Scotch Doubles Means Togetherness For Husband, Wife


September 23, 1990|By Donald Vitek

One of greatest features about bowling is that anyone can do it and have fun.

A cranker's huge hook, a youngster's back-up ball, the senior citizen's slow roller that curves gently into the pocket -- they're all the same when the 10 pins get knocked down.

Cindy and Mark Rine, like most working couples who bowl, do it purely for fun.

The Rines live in Ellicott City and bowl at Brunswick Normandy Lanes in the Sunday Afternoon mixers.

Mark Rine is employed by the Digital Corp.; Cindy Rine works for Chevy Chase Federal Savings. Their time together is limited.

Bowling allows them to do something together no matter what the weather is and to compete with others on an equal footing.

Mark Rine has a high game of 237. His wife's high game is 204. Those kind of scores place them with the great majority of recreational bowlers.

But those kind of scores also allow them to bowl in tournaments. And that's what the Rines did.

They qualified twice at Normandy Lanes during the summer to gain a spot in the scotch doubles tournament that had its finals at Brunswick Normandy Lanes over the Labor Day weekend.

"I really like the scotch doubles format; it means that Mark and I really do bowl together," Cindy Rine said.

In scotch doubles, each partner throws a ball alternately. Whatever one partner does directly affects what the other does. What the Rines did was wonderfully simple; they bowled games of 174, 173 and 186. Added to that was their handicap of 62 pins a game, giving them a total of 695. That was just three pins better than the runners-up, Bronson and Deanna Schalizki.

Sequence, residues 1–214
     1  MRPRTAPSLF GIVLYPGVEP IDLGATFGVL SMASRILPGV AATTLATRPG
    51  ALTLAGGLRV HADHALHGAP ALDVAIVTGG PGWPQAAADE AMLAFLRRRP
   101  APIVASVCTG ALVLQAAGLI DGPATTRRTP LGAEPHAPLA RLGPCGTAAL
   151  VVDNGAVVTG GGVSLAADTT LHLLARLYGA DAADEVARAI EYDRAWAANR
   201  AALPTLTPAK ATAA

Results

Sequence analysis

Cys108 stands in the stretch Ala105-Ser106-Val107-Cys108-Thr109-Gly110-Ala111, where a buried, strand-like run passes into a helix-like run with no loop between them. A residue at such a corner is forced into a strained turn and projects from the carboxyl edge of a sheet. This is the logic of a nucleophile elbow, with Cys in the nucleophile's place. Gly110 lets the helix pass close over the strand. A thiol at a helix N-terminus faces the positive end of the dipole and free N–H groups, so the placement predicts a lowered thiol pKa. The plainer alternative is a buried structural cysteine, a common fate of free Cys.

It earned them first place and $1,000.

"The new lanes seem to have helped my bowling," Cindy Rine said. Over the summer, synthetic lanes were installed at Brunswick Normandy.

The new lanes seem to be helping the All-Star Varsity bowlers on Saturday mornings.

In Division I -- that includes Bantams, 8 and under; and Preps, 9 through 11 -- 10-year-old Eric Kelsey, who lives in Ellicott City, had a set that was 92 pins over his average. Eric, a fifth-grader at Waverly Elementary School, just started bowling last year.

His mother, Brenda Kelsey, said "Eric wasn't very interested in other sports, but he took to bowling quickly. Last year he averaged 36 but this year he's carrying a 110."

She praised the coaches: "The folks who run the program do everything they can to make the kids comfortable."

Eric is using an eight-pound this year and doing great; in a few years you may be hearing about a young bowler who throws a 16-pound ball and is thinking of turning pro.

Chris Neubauer, who bowls in the Junior Varsity on Saturday mornings, is already thinking a few years down the road. At 14, the Ellicott City youth has been bowling only two years. He already is carrying a 139 average and on Sept. 8, he threw a set that was 67 pins over that average.

Chris lives with his parents, Bill and Christa Neubauer, and his 10 year old brother, B. J. He's enrolled in the Mount Hebron High School and has a high game of 173.

His great-grandfather is Peter Reichardt, who is 80 years old and bowls just about every day.

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